County Seeks Design Nominations — “Arlington County’s biennial design awards program, DESIGNArlington, is now accepting submissions for great design in new construction, renovations, additions or adaptive re-use projects. Established in 2009, DESIGNArlington seeks to highlight excellence and diversity in the County’s built environment.” [Arlington County, PDF]
Flickr pool photo by Jason OX4
Drivers in Westover and East Falls Church can expect traffic delays and detours in the coming weeks as the state and county repave and add bike lanes to Washington Blvd.
The project by the Virginia Department of Transportation, which owns and operates the street, is set to begin in the next couple of weeks with repaving between Lee Highway and N. McKinley Road.
After that repaving is complete, staff from the county’s Department of Environmental Services will install green bicycle lanes, bollards and way-finding signs for bicyclists. At some points, the lanes will have a buffer as wide as two or three feet from traffic. The county and VDOT coordinated on a design plan for the new striping earlier this year.
(1/2) In the next two weeks, VDOT plans to mill and pave Washington Blvd (from Lee Hwy to N McKinley Rd) b/w 9:30a-3p (subject to change).
— Arlington DES (@ArlingtonDES) August 25, 2017
(2/2) Cars can't be parked on the street & traffic detours will be in place. Restriping after paving will include a redesign w/ bike lanes.
— Arlington DES (@ArlingtonDES) August 25, 2017
At one stage, the plan had been for continuous bike lanes along Washington Blvd. But those plans were nixed earlier this year and revised.
Instead, a bicycle lane will be added to shorter stretches. Westbound the lane will run between N. McKinley and N. Sycamore streets. Eastbound the lane will stretch from the hill at N. Sycamore Street near the East Falls Church Metro station to N. Quintana Street. There they will be directed along parallel neighborhood streets before reconnecting with Washington Blvd near Westover.
Staff said they anticipate between 16 and 19 parking spaces on the street will be lost out of around 150 in total. In turn, Resurrection Evangelical Lutheran Church (6201 Washington Blvd) is expected to increase its parking capacity to 15 spaces.
DES staff said the project has a number of benefits for those in the area:
- Enhance bicycle infrastructure where it does not currently exist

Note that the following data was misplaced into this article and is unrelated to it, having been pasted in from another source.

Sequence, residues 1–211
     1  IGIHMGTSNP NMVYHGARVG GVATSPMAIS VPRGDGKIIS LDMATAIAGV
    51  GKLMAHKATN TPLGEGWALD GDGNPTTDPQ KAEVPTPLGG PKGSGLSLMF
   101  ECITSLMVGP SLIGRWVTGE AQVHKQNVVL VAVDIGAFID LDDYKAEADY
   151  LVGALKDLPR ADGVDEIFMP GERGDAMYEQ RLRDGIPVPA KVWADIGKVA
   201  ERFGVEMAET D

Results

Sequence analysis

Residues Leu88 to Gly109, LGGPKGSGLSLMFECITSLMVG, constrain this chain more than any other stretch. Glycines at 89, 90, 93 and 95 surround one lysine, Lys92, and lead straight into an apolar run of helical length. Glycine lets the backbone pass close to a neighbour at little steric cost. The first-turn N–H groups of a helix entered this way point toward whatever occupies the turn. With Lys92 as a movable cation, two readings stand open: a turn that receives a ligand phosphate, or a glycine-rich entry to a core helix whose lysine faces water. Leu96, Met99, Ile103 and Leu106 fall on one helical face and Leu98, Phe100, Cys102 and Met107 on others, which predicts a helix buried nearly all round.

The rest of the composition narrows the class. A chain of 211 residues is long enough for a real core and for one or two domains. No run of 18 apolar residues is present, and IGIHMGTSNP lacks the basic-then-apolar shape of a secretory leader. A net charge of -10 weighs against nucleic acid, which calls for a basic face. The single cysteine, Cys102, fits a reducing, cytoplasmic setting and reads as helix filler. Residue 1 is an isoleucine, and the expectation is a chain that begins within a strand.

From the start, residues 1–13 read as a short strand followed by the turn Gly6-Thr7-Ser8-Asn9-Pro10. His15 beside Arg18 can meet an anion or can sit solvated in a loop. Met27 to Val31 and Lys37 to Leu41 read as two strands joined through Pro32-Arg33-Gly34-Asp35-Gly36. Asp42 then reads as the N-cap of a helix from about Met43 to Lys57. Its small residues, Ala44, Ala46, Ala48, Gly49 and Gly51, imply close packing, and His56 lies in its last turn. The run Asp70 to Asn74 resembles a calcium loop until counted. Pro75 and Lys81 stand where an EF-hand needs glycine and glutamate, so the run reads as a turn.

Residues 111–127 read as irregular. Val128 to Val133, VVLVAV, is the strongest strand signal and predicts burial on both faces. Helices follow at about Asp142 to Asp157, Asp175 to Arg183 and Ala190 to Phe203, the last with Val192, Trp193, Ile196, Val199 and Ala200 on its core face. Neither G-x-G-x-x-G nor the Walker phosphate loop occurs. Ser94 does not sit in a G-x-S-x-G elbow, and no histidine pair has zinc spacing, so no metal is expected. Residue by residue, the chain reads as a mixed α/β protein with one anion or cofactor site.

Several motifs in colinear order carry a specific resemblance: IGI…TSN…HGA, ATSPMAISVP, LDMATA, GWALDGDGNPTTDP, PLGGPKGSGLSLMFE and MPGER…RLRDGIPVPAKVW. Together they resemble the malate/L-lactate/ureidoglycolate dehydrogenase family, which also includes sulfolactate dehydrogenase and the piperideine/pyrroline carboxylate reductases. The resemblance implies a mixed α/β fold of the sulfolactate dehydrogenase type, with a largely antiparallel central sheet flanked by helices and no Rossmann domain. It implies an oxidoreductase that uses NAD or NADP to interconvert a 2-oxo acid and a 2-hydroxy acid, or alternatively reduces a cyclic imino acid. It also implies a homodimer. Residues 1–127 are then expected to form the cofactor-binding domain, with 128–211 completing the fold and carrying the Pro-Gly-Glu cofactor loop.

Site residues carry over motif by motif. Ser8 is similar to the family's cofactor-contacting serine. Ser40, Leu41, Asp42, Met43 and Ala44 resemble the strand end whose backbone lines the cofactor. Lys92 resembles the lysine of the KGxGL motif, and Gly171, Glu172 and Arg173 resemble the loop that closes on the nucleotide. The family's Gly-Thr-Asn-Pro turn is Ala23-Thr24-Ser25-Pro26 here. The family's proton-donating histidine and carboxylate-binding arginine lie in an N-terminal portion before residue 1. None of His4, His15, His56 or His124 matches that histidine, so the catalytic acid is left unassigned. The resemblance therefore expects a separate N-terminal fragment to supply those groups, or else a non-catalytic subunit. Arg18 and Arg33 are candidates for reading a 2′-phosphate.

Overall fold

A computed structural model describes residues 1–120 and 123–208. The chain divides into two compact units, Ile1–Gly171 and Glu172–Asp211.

- Help stitch together the expanding Capital Bikeshare system (a new station was installed at the East Falls Church metro station in 2016 and two new stations will be installed in Westover in 2017 and 2018).
- Connect to existing bicycle lanes on Washington Boulevard between Westover and Lacy Woods Park.
- Create a nearly two-mile stretch of bicycle lanes from Sycamore St. to George Mason Dr.
- Narrow unnecessarily wide travel lanes to help calm traffic.
- Install a dedicated left turn lane for westbound Washington Boulevard at N. Ohio Street to help reduce backups.
- Sidewalks will be more comfortable for walking due to buffering provided by the new bicycle lanes.
- Pedestrian safety improvements at key intersections with highly visible markings for crosswalks (pending VDOT approval). Center line “Yield to Pedestrians in Crosswalk” signs may also be installed.
During the work, DES says parking will be prohibited on Washington Blvd and detours will be in place.
Next year, staff will collect additional usage data to track cars, bicycles, pedestrians and parking.
Designs for the project to improve 12th Street S. in Crystal City are coming together, and now the public can take a look themselves.
The “Ask the Project Team” event for the Complete Street project between Clark and Eads streets is scheduled to take place on Wednesday from 3-6 p.m. at The Connection pop-up library at 2100 Crystal Drive. The designs are 30 percent complete, so this event means residents can provide feedback on any major concerns in the plans.
The project will help create dedicated bus lanes for the Crystal City/Potomac Yard Transitway in that section of 12th Street S. — the same stretch in which a commuter bus crashed into an apartment building last week — as well as provide pedestrian improvements.
It will add two-way bicycle lanes under the Route 1 bridge, which will link a future two-way bicycle track on Army Navy Drive to a planned two-way bike lane along S. Bell Street heading toward the Crystal City Metro station. Those new bicycle facilities will then link to Long Bridge Drive.
The design will also include improved landscaping, sidewalks, pedestrian ramps and streetlights, as well as new north/south crosswalks at Army Navy Drive. It is adjacent to the 12th Street S. extension project from S. Eads Street to S. Fern Street in Pentagon City.
After the meeting, the project display boards will remain at the library for public viewing until April 15.
New, protected bike lanes are now in place on S. Eads Street in Crystal City.